Trust and the Media: The Problems & Potential Solutions
It began with another eye roll. In a meeting, I mentioned my background as a journalist, and I sensed the smirky reactions. When I first started in the news industry more than 30 years ago, people were excited to hear about what stories I was covering and what famous people I may have met. But times have changed. Now journalists face constant skepticism and allegations about ‘fake news.’ I left the TV Industry four years ago, and I am currently a communications strategist who cringes whenever someone tells me what is wrong with the news industry. Here’s WHY: Many hardworking, honest, fair, empathetic, and fact-driven journalists do great work in their communities, but there are certainly others who have tarnished the industry’s reputation. Yes, it’s cringeworthy to all of us who care deeply about our profession.
The problem is that there is a strong narrative that journalists are “the enemy.” Admittedly, there is strong evidence concerning how trust in the news industry has disintegrated over time. A 1974 Gallup poll found that 74% of Americans had a great deal/fair amount of trust in mass media. Fast forward almost 50 years, and that number is cut in half. A Gallup Poll taken in October 2022 finds that only 34% of Americans have a great deal/fair amount of trust in mass media. That’s cringeworthy.
Many factors play a role in the news media’s decline in trust. For example, the lines between news, entertainment, and commentary began to blur when cable news gained popularity. The definitive border between fact and opinion must be clarified. There are also numerous people/sites on every digital platform that define themselves as news sources. However, it needs to be made clear what credentials the reporter or news outlets have and what ethics they follow when reporting. Still, Pew Research found in a poll taken last Fall, that U.S. adults under 30 now trust information from social media almost as much as national news outlets.
The solution is simple: you build trust through honesty. Transparency is crucial right now because trust is so fragile. For journalists, the best way to build trust with an audience is to explain WHY you are following a story and HOW you ended up with the conclusions you are reporting. Journalists need to double-check facts with objective, supportive data. Journalists need to double-check sources too. This is a time when it seems anyone can say anything, so it’s important to make sure any source you use is legitimate and without bias. Finally, journalists need to ask themselves:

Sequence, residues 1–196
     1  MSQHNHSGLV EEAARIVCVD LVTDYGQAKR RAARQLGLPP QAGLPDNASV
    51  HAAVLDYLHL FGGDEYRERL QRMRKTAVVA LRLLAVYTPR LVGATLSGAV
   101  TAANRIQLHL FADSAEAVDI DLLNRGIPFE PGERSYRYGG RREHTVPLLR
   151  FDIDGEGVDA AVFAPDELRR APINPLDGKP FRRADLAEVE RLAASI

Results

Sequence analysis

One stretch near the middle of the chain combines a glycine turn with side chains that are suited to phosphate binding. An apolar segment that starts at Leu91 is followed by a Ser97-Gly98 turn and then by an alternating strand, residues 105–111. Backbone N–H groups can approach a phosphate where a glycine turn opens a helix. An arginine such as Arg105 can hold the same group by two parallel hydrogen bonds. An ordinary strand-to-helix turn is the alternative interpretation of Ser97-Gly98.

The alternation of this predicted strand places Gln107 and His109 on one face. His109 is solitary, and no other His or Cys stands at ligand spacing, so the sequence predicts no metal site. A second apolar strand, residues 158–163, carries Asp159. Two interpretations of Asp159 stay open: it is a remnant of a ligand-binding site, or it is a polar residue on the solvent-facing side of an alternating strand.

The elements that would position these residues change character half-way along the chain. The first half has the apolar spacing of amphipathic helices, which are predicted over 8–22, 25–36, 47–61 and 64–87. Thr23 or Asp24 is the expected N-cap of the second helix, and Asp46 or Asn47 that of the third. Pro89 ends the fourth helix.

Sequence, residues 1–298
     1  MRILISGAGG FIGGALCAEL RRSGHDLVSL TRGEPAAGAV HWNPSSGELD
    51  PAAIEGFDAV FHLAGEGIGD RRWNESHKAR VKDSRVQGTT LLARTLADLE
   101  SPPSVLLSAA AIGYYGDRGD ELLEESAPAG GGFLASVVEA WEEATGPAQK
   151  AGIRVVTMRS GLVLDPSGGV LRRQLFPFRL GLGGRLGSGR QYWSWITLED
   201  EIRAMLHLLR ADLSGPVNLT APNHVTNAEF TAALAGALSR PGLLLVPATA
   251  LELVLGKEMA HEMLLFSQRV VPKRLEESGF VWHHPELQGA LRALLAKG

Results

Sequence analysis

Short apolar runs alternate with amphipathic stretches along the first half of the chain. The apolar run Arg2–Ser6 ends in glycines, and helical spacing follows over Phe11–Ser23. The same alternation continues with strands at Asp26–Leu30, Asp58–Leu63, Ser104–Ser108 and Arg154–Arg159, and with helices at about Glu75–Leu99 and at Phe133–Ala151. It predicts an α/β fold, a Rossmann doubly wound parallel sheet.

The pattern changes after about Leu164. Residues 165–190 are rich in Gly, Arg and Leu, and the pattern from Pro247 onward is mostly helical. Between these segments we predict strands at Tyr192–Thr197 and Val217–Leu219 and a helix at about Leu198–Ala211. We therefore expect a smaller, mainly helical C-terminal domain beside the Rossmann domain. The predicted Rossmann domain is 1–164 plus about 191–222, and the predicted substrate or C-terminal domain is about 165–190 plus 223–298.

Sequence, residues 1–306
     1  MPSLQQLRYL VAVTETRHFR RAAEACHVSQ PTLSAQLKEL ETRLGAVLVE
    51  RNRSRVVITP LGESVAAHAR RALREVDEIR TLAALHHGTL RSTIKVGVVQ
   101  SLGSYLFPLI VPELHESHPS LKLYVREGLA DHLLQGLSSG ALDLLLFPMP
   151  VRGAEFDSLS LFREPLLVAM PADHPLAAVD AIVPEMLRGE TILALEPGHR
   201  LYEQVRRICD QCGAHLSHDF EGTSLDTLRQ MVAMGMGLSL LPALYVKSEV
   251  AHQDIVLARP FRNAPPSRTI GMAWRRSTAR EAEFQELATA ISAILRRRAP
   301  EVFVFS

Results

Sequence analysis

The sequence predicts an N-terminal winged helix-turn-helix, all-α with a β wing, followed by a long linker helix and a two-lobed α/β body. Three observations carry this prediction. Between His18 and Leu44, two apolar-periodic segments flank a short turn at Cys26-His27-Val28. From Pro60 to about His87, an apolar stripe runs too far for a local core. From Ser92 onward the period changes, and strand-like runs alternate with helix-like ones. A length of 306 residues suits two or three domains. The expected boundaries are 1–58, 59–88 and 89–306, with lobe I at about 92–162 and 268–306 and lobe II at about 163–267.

- Did I eliminate any self and source-bias when formulating the story?
- Was I objective with my line of questioning?
- Am I holding the right people accountable?
- Is the story accurate and objective?
- Did I include all sides of the story?
- Did I double-check my data and facts?
- Do I show multiple viewpoints?
- Have I explained WHY the story impacts the community?
- Have I included the ‘what’s next’ factor? (sometimes referred to as the ‘moving forward’ factor)?
- If a mistake is made, have I adequately corrected it in the same forum?
When I was a journalist and faced a complex story, I liked to use a ‘Process Journalism’ technique to help show the ‘why’ and ‘how’ behind a story. The story would take the viewer on a journey of discovery, as the facts are uncovered and why one interview may have prompted another interview from other sources. ‘Process Journalism’ describes the investigative development that led to the story’s conclusion. Process Journalism is one methodical way to tell stories that could help build the trust factor for viewers.
Politics have also weighed heavily on the need for more trust components for journalists. Too often, an audience only wants to hear its own viewpoints mimicked in the news. Journalists must accurately and objectively show all points of view to avoid placating any particular views while keeping their opinions at bay.
Many journalists are trying to make progress toward building trust and turn to Radio Television Digital News Association (RTDNA) for guidance on navigating this uphill battle. RTDNA and Magid have created a more complete roadmap for newsrooms to use as guidelines. For example, RTDNA recommends that “journalists be knowledgeable about the local community and what issues are important to local news consumers,” as well as “authentic and genuine” in their coverage. For any working journalist, I suggest they keep a copy handy on their office desk or front seat!
Again, many hardworking, honest, fair, empathetic, and fact-driven journalists are doing great work in their communities. Let’s give those deserving journalists a chance to win back your trust while telling your stories.